A friend asked me, “Why do you hide your light?” This was in a long phone conversation about other stuff, mostly about work frustrations. He didn’t even remember asking the question, but I remembered it and reworked it over and over in my mind a thousand times in a thousand different ways.
Hiding my light is my nature and training, and even hidden it’s amazing how cruel some people can be. They say just get over it, or the classic, “You’re just too sensitive!” Others can say and do whatever they want and it’s my problem if my feelings get hurt.
When I graduated from college, I was booted from the happiest time of my life into a period of doubt. Would anyone hire me? Could I go on an interview and put pieces of my soul in front of an unknown person to critique? My nerves landed me in the hospital with internal bleeding.
I decided that there was only one way to know for sure if I could make it, and that was to start sending out resumes and picking up the phone. I went on interviews even if I was told there weren’t any jobs. Practice makes perfect, and I got better at it.
I messed up an interview by missing my appointment. I got the directions wrong and had to call and say I couldn’t get there in time. The creative director rescheduled, but he wasn’t nice about it. When I managed to get to the right place at the right time, he ripped my portfolio apart page by page and told me I was an amateur. I sat white faced with hands clenched in my lap for an hour for his amusement. I felt the internal bleeding when he finally said “You should count yourself lucky. I see some promise. If I didn’t, I wouldn’t have bothered to give you this much time.” I managed to say thank you and get to my car without passing out. Needless to say, I didn’t get the job.
Even though the guy was a bastard, he taught me a lot in that hour. Nobody wants to see figure drawings in a portfolio. It makes sense since you hardly ever see drawings of naked people in ads and everybody should know how to do a figure drawing by the end of college. He wanted to see something printed, even if it was crappy so he’d be able to see that I could get a paying customer, meet deadlines, and handle printing requirements.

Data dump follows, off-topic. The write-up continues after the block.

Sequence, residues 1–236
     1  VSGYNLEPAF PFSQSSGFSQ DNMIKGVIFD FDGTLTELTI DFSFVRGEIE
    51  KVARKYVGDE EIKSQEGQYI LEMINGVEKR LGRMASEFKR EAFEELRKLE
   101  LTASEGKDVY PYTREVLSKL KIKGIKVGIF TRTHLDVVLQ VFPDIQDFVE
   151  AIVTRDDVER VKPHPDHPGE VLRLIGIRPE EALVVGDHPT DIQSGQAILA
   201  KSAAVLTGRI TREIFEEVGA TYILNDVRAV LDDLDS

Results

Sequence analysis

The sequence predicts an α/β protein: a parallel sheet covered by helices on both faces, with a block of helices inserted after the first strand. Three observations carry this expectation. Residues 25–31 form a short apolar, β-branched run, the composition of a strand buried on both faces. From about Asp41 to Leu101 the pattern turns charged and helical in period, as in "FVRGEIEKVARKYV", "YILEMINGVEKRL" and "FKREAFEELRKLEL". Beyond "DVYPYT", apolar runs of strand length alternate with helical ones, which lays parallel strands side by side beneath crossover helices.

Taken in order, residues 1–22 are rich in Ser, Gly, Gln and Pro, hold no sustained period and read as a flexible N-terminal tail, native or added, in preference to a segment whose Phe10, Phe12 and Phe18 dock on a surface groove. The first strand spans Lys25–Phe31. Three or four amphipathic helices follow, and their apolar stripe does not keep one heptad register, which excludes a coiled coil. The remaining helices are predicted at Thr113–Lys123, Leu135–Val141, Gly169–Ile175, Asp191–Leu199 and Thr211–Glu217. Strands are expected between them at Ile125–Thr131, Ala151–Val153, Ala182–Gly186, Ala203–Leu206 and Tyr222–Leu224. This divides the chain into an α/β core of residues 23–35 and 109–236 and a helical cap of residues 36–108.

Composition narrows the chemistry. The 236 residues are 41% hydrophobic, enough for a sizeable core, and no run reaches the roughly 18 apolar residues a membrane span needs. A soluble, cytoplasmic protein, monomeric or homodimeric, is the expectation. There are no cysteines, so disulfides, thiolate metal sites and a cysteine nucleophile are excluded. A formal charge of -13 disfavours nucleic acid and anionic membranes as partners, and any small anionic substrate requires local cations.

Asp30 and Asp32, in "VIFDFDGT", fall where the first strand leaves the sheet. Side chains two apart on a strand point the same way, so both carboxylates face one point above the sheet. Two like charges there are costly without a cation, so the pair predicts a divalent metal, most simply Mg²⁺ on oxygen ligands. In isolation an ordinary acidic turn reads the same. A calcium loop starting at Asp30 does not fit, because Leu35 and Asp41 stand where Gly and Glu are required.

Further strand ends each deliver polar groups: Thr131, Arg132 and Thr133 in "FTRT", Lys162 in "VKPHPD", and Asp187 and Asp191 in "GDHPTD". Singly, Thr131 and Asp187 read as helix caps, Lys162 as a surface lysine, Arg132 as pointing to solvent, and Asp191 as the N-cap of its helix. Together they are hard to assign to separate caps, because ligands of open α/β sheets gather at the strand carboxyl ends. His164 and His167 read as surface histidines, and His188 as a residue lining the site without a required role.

Sometimes I think about the famous artists who are famous because they put themselves out there – Warhol, Picasso, whoever. If their personalities weren’t so interesting, would we care as much about their art? It’s not to say they didn’t have good ideas and some good paintings, but in my opinion more talented and modest artists have been passed over.
Artists are often introverts, and getting work is an extraverted activity. We can’t get work if we keep ourselves hidden. Once we get the jobs, we can’t get promoted or raises without tooting our own horns once in a while. I hate doing it.
In my current job, I have an officeful of people who need me to speak up for them. However much I’d like the powers that be to just recognize we’re all wonderful, sometimes they have to be told the obvious. I can't say that I'm a natural at that kind of thing, but as I said, practice makes perfect and at least my stomach doesn't bleed over it anymore. Let’s all quit hiding our light and speak up for ourselves!